In this paper we report the kinetics and chemistry of cellulose pyrolysis using both a Pyroprobe reactor and a thermogravimetric analyzer mass spectrometer (TGA-MS). We have identified more than 90% of the products from cellulose pyrolysis in a Pyroprobe reactor with a liquid nitrogen trap. The first step in the cellulose pyrolysis is the depolymerization of solid cellulose to form levoglucosan (LGA; 6,8-dioxabicyclo[3.2.1]octane-2,3,4-triol). LGA can undergo dehydration and isomerization reactions to form other anhydrosugars including levoglucosenone (LGO; 6,8-dioxabicyclo[3.2.1]oct-2-en-4-one), 1,4:3,6-dianhydro-β-d-glucopyranose (DGP) and 1,6-anhydro-β-d-glucofuranose (AGF; 2,8-dioxabicyclo[3.2.1]octane-4,6,7-triol). The anhydrosugars can react further to form furans, such as furfural (furan-2-carbaldehyde) and hydroxymethylfurfural (HMF; 5-(hydroxymethyl)furan-2-carbaldehyde) by dehydration reactions or hydroxyacetone (1-hydroxypropan-2-one), glycolaldehyde (2-hydroxyacetaldehyde), and glyceraldehyde (2,3-dihydroxypropanal) by fragmentation and retroaldol condensation reactions. Carbon monoxide and carbon dioxide are formed from decarbonylation and decarboxylation reactions. Char is formed from polymerization of the pyrolysis products. The pyrolytic conversion of cellulose was fitted to two different reaction models. The first model (Model I) combined the first-order kinetic model with a thermal-lag model that assumed the temperature difference between the thermocouple and specimen in TGA to be directly proportional to the heating rate. The second model (Model II) combined the first-order kinetic model with an energy balance that took into account the heat transfer at the sample boundary including the heat flow by endothermic pyrolysis reaction. Both models were able to adequately fit the empirical data. The kinetic parameters obtained from both models were similar. Cellulose pyrolysis had an activation energy of 198 kJ mol−1. Model I is computationally easier, however Model II is physically more realistic. Importantly, our results indicate that the intrinsic kinetics for cellulose pyrolysis are not a function of heating rate. During the pyrolysis of cellulose a thermal temperature gradient between the cellulose and heater can occur due to the endothermic pyrolysis reaction. A faster heating rate can magnify the thermal-lag, which leads kinetic derivations to artificial outcomes.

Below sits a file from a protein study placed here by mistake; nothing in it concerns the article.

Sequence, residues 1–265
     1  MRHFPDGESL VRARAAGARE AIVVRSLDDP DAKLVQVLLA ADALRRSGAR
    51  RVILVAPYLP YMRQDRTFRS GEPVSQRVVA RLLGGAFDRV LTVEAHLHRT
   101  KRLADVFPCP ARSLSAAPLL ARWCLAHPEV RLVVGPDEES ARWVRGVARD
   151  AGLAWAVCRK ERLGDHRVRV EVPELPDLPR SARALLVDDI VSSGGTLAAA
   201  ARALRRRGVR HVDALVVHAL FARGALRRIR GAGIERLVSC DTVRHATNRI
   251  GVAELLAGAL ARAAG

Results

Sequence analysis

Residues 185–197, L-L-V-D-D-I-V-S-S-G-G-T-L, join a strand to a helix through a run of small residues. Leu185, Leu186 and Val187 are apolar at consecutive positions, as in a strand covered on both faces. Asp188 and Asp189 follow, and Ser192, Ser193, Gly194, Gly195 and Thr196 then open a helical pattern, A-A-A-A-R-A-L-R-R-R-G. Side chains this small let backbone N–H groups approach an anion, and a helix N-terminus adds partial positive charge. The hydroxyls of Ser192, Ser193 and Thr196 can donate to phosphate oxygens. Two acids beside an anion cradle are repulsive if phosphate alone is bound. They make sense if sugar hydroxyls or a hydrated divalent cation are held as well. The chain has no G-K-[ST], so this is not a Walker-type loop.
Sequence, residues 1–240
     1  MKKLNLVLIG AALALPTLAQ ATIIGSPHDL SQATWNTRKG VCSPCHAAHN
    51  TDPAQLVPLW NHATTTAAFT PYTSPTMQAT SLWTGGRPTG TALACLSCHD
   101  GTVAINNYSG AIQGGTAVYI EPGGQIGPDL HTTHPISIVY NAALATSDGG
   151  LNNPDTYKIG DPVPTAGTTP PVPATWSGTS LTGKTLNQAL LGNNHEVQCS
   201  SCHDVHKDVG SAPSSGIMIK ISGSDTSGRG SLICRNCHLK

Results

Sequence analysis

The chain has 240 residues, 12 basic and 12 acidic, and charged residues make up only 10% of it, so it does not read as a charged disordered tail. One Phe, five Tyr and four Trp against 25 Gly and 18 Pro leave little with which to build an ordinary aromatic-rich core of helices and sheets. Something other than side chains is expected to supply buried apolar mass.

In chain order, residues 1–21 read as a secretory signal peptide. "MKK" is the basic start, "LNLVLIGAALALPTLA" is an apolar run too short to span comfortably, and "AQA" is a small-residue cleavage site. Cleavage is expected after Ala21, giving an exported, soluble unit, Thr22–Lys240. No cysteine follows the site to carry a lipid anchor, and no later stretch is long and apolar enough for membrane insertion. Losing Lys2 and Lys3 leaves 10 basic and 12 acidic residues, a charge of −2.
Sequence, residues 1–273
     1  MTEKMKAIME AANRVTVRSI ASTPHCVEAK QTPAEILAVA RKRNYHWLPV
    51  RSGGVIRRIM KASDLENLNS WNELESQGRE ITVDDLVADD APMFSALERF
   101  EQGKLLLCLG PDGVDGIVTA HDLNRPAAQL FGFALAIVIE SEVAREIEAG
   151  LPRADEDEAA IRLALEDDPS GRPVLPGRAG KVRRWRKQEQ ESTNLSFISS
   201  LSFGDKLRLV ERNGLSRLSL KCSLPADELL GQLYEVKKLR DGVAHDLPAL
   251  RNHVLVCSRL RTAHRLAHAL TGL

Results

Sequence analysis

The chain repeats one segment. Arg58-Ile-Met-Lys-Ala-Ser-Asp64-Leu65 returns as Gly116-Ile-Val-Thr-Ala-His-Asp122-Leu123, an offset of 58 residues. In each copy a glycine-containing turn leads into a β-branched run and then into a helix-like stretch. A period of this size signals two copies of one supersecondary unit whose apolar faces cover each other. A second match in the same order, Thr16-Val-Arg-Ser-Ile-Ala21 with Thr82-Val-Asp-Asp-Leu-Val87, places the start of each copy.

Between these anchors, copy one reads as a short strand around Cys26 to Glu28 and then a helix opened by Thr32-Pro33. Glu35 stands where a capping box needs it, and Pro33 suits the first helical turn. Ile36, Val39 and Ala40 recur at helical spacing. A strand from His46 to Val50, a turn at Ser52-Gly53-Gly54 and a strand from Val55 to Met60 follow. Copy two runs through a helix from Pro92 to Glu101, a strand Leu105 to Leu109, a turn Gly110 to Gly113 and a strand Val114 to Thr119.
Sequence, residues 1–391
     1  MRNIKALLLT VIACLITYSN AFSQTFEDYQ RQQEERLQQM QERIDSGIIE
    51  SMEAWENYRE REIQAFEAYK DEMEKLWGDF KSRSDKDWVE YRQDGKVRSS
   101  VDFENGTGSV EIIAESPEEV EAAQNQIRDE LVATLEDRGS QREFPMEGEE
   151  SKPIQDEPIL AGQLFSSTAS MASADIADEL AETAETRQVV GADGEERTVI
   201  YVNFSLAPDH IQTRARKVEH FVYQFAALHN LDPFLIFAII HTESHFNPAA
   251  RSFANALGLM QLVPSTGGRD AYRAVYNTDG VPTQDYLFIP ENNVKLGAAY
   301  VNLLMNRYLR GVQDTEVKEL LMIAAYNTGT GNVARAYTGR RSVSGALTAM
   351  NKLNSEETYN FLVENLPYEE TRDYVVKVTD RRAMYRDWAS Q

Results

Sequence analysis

Available at: http://works.bepress.com/george_huber/25/